Giving consumers a real solution: the alternate protein path of Sunfed

Giving consumers a real solution: the alternate protein path of Sunfed
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CEO and founder of the alternative protein company Sunfed, Shama Sukul Lee, had a troubled relationship with meat. Initially it was because of her love of animals which was compounded by a growing awareness of environmental and sustainability impacts of traditional animal farming.

CEO and founder Shama Sukul Lee wanted to create a meat that didn't involve an animal. From its beginnings in New Zealand, Sunfed is now taking on global markets.
CEO and founder Shama Sukul Lee wanted to create a meat that didn't involve an animal. From its beginnings in New Zealand, Sunfed is now taking on global markets.

In her 2016 Ted talk, she likened it to a bad relationship with a traumatic break-up, followed by a few one night stands that always came with “shame after the pleasure, self torture and introspection”.

In 2012, Lee’s growing commitment to ‘never ever getting back together’ with meat coincided with her starting to question the very foundations of her life. From being a grade A student, to ticking all the boxes on the high expectations, succeeding at life scale, Lee said she could no longer ignore feelings of being empty, lost, and unfulfilled. So she quit her job and went into a self-imposed solitude.

“I shed all the unconscious identities I had collected through my life, and then those I had consciously chosen off the shelf. I had go connect with what was most meaningful to me, my deeper truths. It was tumultuous, messy, non linear. Out of that introspection, I began to build the real me. With a story that felt right, and a mission.”

And this is where Lee’s path differs slightly from many others, who come from such a process and take up bike riding, paddle boarding, running marathons or fast cars.

Lee told Food & Drink Business that she realised she had limited time and energy on the planet, so what was she going to do with it. With her troubled meat relationship, she “felt strongly there was no good option for someone who really liked meat, who wanted a meaty experience, but didn’t want to eat the animal.”

She read “everything I could get my hands on” about making meat without the animal but at that stage, everything was still in the very early stages of R&D and would take years before it was commercially viable.

For Lee, there were some core, non-negotiable features that had to be achieved. It had to be as “clean” as possible, with minimal additional ingredients. To its core, the product had to be healthy. It also had to deliver a “meaty” experience.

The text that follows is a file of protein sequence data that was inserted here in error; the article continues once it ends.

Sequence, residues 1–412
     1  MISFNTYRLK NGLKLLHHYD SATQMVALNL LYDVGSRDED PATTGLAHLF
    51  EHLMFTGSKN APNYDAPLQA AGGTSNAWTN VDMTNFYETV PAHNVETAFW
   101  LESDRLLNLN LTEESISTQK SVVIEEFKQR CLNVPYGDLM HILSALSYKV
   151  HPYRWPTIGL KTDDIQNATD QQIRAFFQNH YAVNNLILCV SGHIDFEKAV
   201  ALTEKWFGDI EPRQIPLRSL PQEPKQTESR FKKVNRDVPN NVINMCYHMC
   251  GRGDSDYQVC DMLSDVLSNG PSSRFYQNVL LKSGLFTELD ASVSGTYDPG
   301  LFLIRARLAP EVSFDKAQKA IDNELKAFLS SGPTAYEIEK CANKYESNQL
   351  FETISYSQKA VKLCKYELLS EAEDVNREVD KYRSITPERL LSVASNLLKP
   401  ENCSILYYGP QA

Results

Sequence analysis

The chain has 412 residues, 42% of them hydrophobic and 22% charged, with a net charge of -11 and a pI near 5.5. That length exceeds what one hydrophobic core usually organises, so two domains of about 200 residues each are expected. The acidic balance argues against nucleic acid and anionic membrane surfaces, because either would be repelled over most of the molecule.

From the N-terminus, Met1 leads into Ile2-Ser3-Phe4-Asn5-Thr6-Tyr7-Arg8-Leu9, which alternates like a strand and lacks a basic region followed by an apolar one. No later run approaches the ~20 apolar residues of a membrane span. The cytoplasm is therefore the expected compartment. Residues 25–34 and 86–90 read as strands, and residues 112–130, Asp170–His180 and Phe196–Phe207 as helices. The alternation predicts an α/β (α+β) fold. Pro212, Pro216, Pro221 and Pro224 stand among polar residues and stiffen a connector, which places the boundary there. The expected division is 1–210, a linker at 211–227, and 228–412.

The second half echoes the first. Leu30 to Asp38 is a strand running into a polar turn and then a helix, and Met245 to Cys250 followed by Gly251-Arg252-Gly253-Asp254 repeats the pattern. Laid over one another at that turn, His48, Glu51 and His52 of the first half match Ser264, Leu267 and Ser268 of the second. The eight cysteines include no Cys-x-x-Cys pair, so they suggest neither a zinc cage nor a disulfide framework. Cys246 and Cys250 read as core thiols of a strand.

With the bar set so high, Lee said she could see the potential but still didn’t know if it was going to be possible. “It was so risky I had to self fund it. Back then, there wasn’t the awareness of meat alternatives we have now.”

Have good engineering, change the world

The industry was in such infancy, Sunfed had to develop not just a product but how to make it. Creating a clean “meaty experience” meant building machines that could do that. Lee told F&DB there was “nothing off the shelf” they could use.

Lee had been a software engineer, she was used to a world where you needed “a laptop and a coffee”. “The learning curve was steep. The good thing about engineering is that engineers make it happen. One good engineer can change the world – Henry Ford, Leonardo di Vinci, Nicola Tesla – but the difficult thing for a start-up is, with engineering, that hardware needs a lot of capital upfront.

“With every prototype we built we learnt a lot, but it takes money to build a prototype. I developed a new appreciation for hardware and manufacturing and real world infrastructure. If you want to create something real in the world you have to do engineering.”

R&D is in the DNA of Sunfed, Lee said. The initial phase lasted two to three years and saw some “really big breakthroughs” involving all different types of protein. But they weren’t at the manufacturing stage, “we were just trying to get the base of the product right”.

The biggest moment came when they could replicate the “long meaty protein strands”. For Lee, R&D can be accelerated when you are engineering the product as opposed to a laboratory setting because you control the design of all aspects of a product.